Birds of Prey are Dying because of Rat Poison

Birds of prey or raptors are some of nature’s most incredible species. Sharp eyesight, strong talons, curved beaks, and their prey are some of the reasons humans are so fascinated by them. Examples of raptors include eagles, hawks, ospreys, buzzards, owls, and falcons. In addition to being incredible, these gorgeous birds also provide critical ecosystem services including pest control, ecosystem health indicators, and carcass disposal. 

As a significant predator in the wild, their size doesn’t matter. According to Guinness World Records, the Harpy eagle is the strongest raptor, weighing up to 20 lbs., and is known to hunt prey like monkeys and sloths. Can you imagine your pet cat hunting a golden retriever? While these birds are strong, they are not immune to human interference like rodenticides (rat poison). 

image of a Harpy eagle, the world's strongest bird of prey
Harpy eagle, National Geographic

Danger for Birds of Prey

Unfortunately, our raptors/birds of prey are in trouble. 30% of raptor species around the world are considered near threatened (NT), Vulnerable (VU), Endangered (EN), or Critically Endangered (CR), According to the International Union for the Conservation of Nature (IUCN). The biggest threats to these species are habitat loss, prey depletion, climate change, disease, and exposure to toxic substances. While lead poisoning is among the list of toxic substances, rodenticides are the most lethal.

Rats! This is bad.

Rodenticides, also known as rat poison, pose a considerable threat to birds of prey due to rodents being a primary source of their food. Ingesting a rodenticide will stop blood from clotting, which leads to excessive bleeding upon being injured or trapped. The more lethal version of rodenticide can kill rodents in one feed. Thus, birds of prey that hunt and eat rats with rodenticide pose a threat for these birds. 

Chemical compound of rat poison/rodenticide
Chemical compound of rat poison
Image source: MDMI

How do we help the raptors?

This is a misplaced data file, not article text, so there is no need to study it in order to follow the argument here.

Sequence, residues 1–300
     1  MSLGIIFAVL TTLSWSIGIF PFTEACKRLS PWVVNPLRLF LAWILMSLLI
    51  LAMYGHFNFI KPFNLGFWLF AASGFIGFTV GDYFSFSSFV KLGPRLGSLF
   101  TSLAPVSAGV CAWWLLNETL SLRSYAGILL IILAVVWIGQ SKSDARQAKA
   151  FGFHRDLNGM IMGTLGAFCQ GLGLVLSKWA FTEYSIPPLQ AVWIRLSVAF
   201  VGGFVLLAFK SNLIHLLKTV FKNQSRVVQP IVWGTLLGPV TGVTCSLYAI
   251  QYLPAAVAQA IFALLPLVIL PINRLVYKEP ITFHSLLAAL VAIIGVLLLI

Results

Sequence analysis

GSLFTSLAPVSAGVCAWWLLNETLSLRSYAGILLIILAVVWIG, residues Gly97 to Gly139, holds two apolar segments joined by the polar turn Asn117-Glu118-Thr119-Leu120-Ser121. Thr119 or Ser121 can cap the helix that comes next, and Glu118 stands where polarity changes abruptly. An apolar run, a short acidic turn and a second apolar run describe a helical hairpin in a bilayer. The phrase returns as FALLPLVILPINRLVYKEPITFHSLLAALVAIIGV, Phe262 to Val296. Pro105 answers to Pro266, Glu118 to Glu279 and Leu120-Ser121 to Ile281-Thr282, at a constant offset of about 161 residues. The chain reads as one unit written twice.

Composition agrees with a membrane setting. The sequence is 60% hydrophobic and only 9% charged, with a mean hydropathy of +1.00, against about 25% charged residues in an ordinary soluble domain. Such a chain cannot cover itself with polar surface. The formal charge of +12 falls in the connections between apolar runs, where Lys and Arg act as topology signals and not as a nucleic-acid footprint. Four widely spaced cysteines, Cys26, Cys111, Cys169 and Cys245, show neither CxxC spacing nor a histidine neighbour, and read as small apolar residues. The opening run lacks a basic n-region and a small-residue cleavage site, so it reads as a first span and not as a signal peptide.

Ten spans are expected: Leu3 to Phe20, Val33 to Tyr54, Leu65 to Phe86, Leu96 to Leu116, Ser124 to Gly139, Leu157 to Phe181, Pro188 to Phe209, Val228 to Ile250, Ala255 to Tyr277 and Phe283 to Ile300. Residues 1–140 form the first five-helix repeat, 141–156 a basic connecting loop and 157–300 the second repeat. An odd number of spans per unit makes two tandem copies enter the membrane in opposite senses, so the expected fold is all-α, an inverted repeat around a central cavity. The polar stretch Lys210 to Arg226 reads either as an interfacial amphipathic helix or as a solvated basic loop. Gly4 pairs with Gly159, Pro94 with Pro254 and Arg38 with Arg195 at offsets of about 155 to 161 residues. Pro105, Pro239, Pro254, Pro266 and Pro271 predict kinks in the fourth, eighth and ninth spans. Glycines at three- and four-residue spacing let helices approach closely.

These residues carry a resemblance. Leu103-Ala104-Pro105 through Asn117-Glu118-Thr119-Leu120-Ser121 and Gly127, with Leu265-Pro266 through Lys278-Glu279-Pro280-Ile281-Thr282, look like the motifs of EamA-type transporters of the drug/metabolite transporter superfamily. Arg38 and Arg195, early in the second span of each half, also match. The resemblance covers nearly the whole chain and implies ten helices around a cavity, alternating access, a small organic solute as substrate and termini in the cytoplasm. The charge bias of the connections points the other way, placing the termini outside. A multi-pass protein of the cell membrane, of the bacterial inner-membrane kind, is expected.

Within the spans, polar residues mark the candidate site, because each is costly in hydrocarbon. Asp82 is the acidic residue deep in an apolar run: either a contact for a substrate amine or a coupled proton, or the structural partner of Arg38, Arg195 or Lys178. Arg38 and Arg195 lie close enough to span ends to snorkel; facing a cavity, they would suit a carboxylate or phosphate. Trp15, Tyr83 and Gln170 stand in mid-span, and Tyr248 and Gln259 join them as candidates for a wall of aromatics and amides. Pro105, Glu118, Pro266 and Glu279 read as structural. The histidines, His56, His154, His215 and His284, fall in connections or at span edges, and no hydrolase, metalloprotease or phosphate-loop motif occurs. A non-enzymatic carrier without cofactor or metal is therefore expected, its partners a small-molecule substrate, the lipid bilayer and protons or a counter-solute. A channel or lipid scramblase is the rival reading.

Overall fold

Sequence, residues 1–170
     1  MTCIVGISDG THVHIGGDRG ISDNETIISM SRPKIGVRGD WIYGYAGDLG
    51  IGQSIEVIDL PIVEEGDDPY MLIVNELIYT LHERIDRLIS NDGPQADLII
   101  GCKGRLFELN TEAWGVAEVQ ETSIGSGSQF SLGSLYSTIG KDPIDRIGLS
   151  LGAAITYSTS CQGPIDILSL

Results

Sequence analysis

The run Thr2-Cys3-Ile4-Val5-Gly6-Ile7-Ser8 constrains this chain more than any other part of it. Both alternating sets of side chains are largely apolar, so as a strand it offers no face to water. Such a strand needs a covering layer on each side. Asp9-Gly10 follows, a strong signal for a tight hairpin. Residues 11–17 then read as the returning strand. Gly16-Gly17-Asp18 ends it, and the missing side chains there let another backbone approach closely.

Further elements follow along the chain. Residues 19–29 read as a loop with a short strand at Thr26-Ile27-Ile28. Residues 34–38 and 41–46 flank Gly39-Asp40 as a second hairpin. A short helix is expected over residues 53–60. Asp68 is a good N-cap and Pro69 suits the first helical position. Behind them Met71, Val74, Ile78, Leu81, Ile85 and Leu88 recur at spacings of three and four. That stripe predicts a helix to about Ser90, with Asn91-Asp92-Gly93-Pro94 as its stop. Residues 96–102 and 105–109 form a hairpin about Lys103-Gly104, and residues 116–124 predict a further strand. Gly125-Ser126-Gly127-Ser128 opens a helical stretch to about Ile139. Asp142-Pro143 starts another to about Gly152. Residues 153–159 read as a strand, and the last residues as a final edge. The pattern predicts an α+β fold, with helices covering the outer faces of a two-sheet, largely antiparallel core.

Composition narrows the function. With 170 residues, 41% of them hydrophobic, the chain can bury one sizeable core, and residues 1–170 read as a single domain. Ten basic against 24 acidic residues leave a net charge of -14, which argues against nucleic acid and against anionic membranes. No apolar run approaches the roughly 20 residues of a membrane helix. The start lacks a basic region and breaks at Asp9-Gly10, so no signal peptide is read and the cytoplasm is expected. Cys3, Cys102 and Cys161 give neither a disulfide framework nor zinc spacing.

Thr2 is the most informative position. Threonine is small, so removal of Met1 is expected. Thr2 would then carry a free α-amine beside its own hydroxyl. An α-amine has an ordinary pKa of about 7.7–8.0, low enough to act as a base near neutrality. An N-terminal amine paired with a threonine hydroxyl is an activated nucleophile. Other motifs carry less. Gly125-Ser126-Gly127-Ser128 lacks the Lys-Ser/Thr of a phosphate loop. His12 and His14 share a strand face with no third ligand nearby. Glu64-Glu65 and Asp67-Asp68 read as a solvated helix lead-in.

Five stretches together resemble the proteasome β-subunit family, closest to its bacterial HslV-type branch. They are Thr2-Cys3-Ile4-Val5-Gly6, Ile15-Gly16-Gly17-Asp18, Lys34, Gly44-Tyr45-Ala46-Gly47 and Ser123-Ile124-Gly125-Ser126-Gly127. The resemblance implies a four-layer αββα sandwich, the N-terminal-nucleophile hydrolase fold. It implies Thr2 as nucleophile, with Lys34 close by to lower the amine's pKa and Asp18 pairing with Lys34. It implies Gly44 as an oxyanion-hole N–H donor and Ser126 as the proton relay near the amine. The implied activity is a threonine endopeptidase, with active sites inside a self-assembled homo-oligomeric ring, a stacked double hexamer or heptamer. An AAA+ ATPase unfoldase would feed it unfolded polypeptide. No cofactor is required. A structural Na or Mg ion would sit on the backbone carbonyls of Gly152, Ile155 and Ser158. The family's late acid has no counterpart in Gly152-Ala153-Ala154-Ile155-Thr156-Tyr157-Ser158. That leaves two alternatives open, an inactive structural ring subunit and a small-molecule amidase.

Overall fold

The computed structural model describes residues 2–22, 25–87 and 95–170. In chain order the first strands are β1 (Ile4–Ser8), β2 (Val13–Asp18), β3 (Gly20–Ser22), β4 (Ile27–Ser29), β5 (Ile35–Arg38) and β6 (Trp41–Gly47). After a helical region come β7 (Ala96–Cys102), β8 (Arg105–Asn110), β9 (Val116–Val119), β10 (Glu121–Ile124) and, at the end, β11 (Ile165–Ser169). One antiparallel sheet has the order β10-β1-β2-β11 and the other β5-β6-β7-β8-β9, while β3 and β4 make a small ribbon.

Veterinarians are seeing this poisoning more and more when birds are brought into rehabilitation and rescue centers. To get a better understanding of the impact of this species decline, the Wild Animal Health Fund is funding a study to find out. 

This study will occur in New Mexico at  Hawk’s Aloft (rehab center) and focus mainly on red-tailed hawks, Swainson’s hawks, Cooper’s hawks, great horned owls, and barn owls. The project aims to identify the rodenticide, where the birds were exposed, and which species are more at risk for exposure. The data will expand the awareness of rodenticide exposure among schools, municipalities, local and federal Departments of Game and Fish.   

Your support means more studies like this!

Supporting the Wild Animal Health Fund means supporting more studies that save lives. This study was just one of 13 incredible and important studies funded in 2021. We hope to fund more studies every year and give our species the care they deserve!


  3. 2021 Research project: Anticoagulant rodenticide exposure in owls and diurnal raptors from New Mexico

About Caroline Yaun

Caroline is the Development Associate for the Wild Animal Health Fund. A graduate of the University of North Florida in Public Relations and Marketing, Caroline found her passion in the nonprofit sector. This passion led to her position with the Wild Animal Health Fund in 2021. She believes that animal health research is critical for the preservation of species and sees firsthand the incredible work that veterinarians are doing around the world.